Reflections on Darwin, Nietzsche, Chimeras and the Image of God

I've been reflecting on various articles in the news and notes in my archives. What follows is, what will likely be, an excerpt from next Sunday's sermon:
In 1859, Charles Darwin’s On the Origin of Species was published. Now, I won’t be offering a sermon on creationism, evolutionism, creative evolutionism or evolutionary creationism; we’ll save that for another day. But the one issue surrounding Darwin with which I do want to take issue is the belief that he denied a divine being had anything to do with our origins. Though, he may, in the first edition of Origin, have decided not to include creationism in his scope of scientific discussion, he—nevertheless—mentions the Creator. And in the 6th edition of Origin, he insists that just because we don’t understand how something can evolve does not mean that the Creator wasn’t behind it.
Even Darwin gave a nod to the Creator who spoke these words to His servant Jeremiah: “Before I formed you in the womb I knew you.”
Because every person is originally God’s idea, no one is ordinary. Governments come and go. Cultures and civilizations change. Not a single corporation has any real permanence; it is rare for one to last a hundred years. Even theories move in and out of favor. But each person will last forever. When you looked in the mirror this morning, you were gazing at an original and lasting creation of Almighty God.
More than a century ago, philosopher Friedrich Nietzsche suggested that the idea of God was dead and, that if the world were to be without this sense of divine order and attaching moral principles, it would be left with nihilism – no meaning, no purpose, no intrinsic value. Nietzsche attributed two central principles of Western civilization to Christianity: all people are created equal and human life is precious. It is because we are created equal and in the image of God that our lives have moral worth and that we share the rights to life, liberty and the pursuit of happiness. As Dinesh D'Souza has noted, "Nietzsche’s warning was that none of these values would make sense without the background moral framework against which they were formulated. A post-Christian West, he argued, would have to go back to the ethical drawing board for a reconsideration of its values."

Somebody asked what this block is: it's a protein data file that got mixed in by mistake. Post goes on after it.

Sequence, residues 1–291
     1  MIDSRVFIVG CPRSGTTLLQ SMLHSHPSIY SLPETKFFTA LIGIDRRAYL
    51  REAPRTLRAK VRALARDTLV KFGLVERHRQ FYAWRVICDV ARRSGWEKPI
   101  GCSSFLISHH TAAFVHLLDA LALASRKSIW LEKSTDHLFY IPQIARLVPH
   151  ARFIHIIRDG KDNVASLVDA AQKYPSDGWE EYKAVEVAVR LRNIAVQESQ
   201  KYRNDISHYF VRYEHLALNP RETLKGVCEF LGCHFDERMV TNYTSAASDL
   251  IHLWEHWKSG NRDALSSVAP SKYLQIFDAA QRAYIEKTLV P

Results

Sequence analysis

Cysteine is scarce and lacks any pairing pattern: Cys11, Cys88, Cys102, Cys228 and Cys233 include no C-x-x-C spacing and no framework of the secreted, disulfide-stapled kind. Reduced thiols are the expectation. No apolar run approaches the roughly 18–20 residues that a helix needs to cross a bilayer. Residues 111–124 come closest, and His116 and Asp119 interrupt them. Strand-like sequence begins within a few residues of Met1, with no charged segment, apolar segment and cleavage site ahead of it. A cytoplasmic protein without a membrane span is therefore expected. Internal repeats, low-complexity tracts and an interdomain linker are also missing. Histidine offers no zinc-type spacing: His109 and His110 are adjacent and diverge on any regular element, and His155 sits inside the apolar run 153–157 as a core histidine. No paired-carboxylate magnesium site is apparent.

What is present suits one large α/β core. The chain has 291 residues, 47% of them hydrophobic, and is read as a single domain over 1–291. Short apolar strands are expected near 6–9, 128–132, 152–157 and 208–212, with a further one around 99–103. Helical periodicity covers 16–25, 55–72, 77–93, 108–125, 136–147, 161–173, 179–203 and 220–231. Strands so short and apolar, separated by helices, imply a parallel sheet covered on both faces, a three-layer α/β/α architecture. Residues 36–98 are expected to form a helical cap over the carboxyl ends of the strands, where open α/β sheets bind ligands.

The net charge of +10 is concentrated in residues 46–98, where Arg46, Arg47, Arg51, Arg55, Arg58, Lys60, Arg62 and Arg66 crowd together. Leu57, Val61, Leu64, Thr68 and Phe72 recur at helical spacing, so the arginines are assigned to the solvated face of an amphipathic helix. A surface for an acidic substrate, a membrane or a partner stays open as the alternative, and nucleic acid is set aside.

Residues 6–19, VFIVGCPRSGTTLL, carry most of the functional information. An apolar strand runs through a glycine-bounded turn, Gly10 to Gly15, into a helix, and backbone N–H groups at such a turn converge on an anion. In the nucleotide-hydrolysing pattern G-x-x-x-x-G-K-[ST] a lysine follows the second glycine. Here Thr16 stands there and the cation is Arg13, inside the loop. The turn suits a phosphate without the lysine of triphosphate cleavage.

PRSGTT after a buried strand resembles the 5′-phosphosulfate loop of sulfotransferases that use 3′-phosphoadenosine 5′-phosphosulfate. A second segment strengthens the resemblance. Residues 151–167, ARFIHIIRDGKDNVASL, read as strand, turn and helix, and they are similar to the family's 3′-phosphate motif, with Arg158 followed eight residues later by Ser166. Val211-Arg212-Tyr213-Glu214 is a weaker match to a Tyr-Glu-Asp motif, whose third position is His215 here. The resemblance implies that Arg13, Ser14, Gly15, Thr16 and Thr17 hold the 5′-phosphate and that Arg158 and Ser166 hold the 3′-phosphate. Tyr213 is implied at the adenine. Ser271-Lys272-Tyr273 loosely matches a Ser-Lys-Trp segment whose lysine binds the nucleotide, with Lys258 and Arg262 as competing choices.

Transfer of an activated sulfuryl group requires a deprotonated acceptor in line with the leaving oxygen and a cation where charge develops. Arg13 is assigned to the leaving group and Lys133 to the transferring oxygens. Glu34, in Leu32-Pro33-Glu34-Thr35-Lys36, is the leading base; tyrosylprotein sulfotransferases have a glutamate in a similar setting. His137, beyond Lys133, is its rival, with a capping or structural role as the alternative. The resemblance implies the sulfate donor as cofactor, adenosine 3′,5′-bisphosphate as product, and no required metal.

Given that reality, it is not at all surprising to come across the honest, yet definitely unpalatable views of Princeton Professor of Bioethics, Peter Singer. Singer argues that we are not creations of God. We exist, he says, on an unbroken continuum with animals and so must reject the privileged position assigned to human beings in Christianity.
Singer writes: “My colleague Helga Kuhse and I suggest that a period of 28 days after birth might be allowed before an infant is accepted as having the same right to life as others.” Singer argues that pigs, chickens, and fish have more signs of consciousness and rationality – and, consequently, a greater claim to rights – than do fetuses, newborn infants, and people with mental disabilities.” Singer resolutely takes up Nietzsche’s call for a “transvaluation of values” with a full awareness of the radical implications.
Dinesh D’Souza, in a Christianity Today article entitled “Staring into the Abyss,” concluded that Singer’s thinking is the natural progression of intellectually honest atheism. So, should we really be surprised in the least by today’s transhumanist movement or by scientists who are creating embryos that are both animal and human? The latter hope these embryos, known as chimeras, could eventually help save the lives of people with a wide range of diseases. One way would be to use chimera embryos to create better animal models to study how human diseases happen and how they progress. Perhaps the boldest hope is to create farm animals that have human organs that could be transplanted into terminally ill patients.
But some scientists and bioethicists worry the creation of these interspecies embryos—inserting human embryos into the uteri of pigs--crosses the line. "You're getting into unsettling ground that I think is damaging to our sense of humanity," said one professor of cell biology. "If you have pigs with partly human brains you would have animals that might actually have consciousness like a human," Newman says. "It might have human-type needs. We don't really know."
"One of the concerns that a lot of people have is that there's something sacrosanct about what it means to be human expressed in our DNA," opined a bioethicist. "And that by inserting that into other animals and giving those other animals potentially some of the capacities of humans, that this could be a kind of violation — playing God."
It is crucially important for us to affirm that we were created by God and that we were not only created by God but we have been made in the image of God. Made in the image of God. We are spiritual, rational, moral, and immortal creatures. Though sin has soiled and distorted the image, we are still reflections of Almighty God. We are “fearfully and wonderfully made” (Ps. 139:14).
Remove God from the picture and human values sink like a rock, leaving us staring into the abyss. If God is dead and there is no divine order, no intrinsic value to a human being, no meaning to life, no purpose to our existence, then it’s a short step to the removal of all protections from those a powerful elite might view as rejects, as non-contributors, as the potential subjects of lab experiments.
Shades of Dr. Moreau.

Sources include:

Featured image: A chimera, scanned from Robert Chambers' Book of Days, 1st edition (in the public domain). Georgian-era (1824) Mermaid, a fake made up of various body parts from other animals.

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